Tuberculosis transmission and the impact of intervention on the incidence of infection
Abstract:SETTING: England and Wales.
OBJECTIVE: To quantify the relative contribution of vaccination, chemotherapy and preventive therapy to the reduction in tuberculosis incidence in England and Wales between 1953 and 1990.
DESIGN: A compartmental model of tuberculosis transmission was fitted to notification data between 1913 and 1939 to estimate pre-vaccination parameters. Best-fit estimates of the rates of chemotherapy and preventive therapy were derived by fitting the model to notification data between 1953 and 1990. Published vaccination rates were used.
MAIN OUTCOME MEASURE: Number of cases of pulmonary tuberculosis averted.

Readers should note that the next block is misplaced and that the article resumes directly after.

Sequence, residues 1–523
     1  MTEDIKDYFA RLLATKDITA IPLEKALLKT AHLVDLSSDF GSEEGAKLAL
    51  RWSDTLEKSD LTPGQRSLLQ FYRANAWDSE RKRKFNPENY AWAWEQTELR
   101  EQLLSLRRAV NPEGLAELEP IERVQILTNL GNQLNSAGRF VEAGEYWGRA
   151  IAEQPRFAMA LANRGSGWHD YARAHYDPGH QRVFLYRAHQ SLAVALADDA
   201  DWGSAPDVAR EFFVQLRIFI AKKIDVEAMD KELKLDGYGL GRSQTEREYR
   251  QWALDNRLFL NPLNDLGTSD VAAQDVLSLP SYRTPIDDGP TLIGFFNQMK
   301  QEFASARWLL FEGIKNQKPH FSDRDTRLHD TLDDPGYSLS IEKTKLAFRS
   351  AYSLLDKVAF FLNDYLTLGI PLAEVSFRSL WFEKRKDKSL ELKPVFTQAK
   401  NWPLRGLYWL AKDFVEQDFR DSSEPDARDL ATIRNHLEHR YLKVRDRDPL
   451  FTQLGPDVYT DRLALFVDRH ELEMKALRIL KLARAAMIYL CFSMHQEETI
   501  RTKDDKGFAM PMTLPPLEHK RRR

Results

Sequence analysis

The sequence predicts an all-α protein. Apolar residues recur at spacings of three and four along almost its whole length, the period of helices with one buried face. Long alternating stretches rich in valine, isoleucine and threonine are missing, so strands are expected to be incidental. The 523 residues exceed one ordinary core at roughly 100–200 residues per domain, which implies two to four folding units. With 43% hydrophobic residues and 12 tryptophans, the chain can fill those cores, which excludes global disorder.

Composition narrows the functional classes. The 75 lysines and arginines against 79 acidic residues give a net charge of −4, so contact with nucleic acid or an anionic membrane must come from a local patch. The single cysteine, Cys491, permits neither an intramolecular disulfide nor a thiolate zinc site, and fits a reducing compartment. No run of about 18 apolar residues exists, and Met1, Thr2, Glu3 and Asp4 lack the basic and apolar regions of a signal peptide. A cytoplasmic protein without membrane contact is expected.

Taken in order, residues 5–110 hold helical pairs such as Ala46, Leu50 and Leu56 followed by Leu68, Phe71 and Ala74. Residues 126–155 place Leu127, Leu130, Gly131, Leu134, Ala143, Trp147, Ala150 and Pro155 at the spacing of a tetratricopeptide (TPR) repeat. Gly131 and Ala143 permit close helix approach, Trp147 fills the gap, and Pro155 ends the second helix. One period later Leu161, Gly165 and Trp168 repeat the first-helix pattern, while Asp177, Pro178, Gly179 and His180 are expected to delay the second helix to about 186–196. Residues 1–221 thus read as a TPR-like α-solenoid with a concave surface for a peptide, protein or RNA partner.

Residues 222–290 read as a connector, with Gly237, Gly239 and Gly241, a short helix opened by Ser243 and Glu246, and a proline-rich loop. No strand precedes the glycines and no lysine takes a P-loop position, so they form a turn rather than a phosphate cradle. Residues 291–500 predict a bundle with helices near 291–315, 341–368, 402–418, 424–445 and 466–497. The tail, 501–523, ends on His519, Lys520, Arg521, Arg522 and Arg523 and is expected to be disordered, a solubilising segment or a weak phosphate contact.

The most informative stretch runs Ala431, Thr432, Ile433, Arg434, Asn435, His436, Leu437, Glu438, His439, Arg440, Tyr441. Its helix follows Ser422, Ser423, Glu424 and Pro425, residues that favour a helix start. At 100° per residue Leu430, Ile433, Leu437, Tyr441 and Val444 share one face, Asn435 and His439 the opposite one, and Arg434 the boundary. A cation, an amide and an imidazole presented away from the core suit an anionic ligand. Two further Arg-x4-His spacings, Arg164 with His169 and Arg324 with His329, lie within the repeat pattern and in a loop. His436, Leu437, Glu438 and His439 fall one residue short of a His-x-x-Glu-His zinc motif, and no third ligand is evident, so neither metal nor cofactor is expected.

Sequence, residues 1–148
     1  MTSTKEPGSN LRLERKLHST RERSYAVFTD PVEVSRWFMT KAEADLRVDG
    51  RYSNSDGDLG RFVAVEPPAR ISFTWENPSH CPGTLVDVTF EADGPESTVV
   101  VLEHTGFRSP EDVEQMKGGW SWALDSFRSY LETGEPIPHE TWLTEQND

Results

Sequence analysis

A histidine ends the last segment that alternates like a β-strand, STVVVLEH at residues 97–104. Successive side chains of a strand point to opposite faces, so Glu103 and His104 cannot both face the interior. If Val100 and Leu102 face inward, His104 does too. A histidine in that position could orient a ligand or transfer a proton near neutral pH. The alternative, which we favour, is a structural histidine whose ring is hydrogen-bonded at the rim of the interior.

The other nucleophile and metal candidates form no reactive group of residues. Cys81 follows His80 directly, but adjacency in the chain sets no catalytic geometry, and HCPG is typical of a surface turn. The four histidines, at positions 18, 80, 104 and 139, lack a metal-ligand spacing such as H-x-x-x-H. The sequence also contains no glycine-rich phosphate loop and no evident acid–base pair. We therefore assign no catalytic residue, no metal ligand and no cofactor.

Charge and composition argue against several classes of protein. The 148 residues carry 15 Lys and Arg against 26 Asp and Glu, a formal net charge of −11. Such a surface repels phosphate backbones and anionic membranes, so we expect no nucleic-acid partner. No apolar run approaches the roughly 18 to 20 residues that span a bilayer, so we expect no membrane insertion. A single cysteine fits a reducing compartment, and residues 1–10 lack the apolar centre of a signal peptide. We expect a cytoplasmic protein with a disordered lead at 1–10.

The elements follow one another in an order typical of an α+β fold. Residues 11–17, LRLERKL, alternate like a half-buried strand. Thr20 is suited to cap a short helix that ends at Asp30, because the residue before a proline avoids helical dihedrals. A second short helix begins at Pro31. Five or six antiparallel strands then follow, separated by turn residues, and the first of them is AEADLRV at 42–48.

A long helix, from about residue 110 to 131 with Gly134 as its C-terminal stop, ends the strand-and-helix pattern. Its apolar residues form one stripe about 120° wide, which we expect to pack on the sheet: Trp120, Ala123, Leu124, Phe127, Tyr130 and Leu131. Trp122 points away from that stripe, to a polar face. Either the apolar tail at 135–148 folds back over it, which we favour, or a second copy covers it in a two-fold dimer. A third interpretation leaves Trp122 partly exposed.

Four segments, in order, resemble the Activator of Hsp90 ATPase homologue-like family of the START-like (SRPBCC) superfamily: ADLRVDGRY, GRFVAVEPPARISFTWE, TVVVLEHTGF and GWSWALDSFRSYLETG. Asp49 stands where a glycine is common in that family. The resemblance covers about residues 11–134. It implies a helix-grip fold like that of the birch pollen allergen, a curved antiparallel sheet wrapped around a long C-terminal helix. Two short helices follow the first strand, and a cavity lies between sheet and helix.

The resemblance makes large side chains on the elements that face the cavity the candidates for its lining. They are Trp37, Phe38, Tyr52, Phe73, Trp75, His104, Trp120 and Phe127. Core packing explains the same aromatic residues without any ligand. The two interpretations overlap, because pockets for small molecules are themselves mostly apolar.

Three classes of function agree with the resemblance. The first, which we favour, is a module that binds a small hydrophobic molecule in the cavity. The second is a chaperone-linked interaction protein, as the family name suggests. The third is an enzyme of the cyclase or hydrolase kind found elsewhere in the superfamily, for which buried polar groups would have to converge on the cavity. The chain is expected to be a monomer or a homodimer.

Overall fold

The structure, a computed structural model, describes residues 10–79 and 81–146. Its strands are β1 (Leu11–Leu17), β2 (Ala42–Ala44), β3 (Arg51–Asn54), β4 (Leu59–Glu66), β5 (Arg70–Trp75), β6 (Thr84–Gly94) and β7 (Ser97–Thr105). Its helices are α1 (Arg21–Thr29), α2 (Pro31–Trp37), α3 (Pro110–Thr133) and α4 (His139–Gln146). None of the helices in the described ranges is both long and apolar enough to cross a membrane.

RESULTS: The numbers of respiratory tuberculosis cases averted between 1953 and 1990 by the use of preventive therapy, vaccination and chemotherapy were 288318, 57085 and 206996, respectively.
CONCLUSIONS: Of those interventions considered, preventive therapy has the greatest impact on transmission. The duration of infectiousness is long, with an onset that is likely to pre-date sputum positivity.
Document Type: Regular Paper
Affiliations: 1: Division of Primary Care and Population Health Sciences, Imperial College School of Medicine at St. MaryÕs, London, United Kingdom 2: London School of Hygiene & Tropical Medicine, ECOHOST, London, United Kingdom
Publication date: June 1, 2002
The International Journal of Tuberculosis and Lung Disease publishes articles on all aspects of lung health, including public health-related issues such as training programmes, cost-benefit analysis, legislation, epidemiology, intervention studies and health systems research. The IJTLD is dedicated to the continuing education of physicians and health personnel and the dissemination of information on tuberculosis and lung health world-wide.
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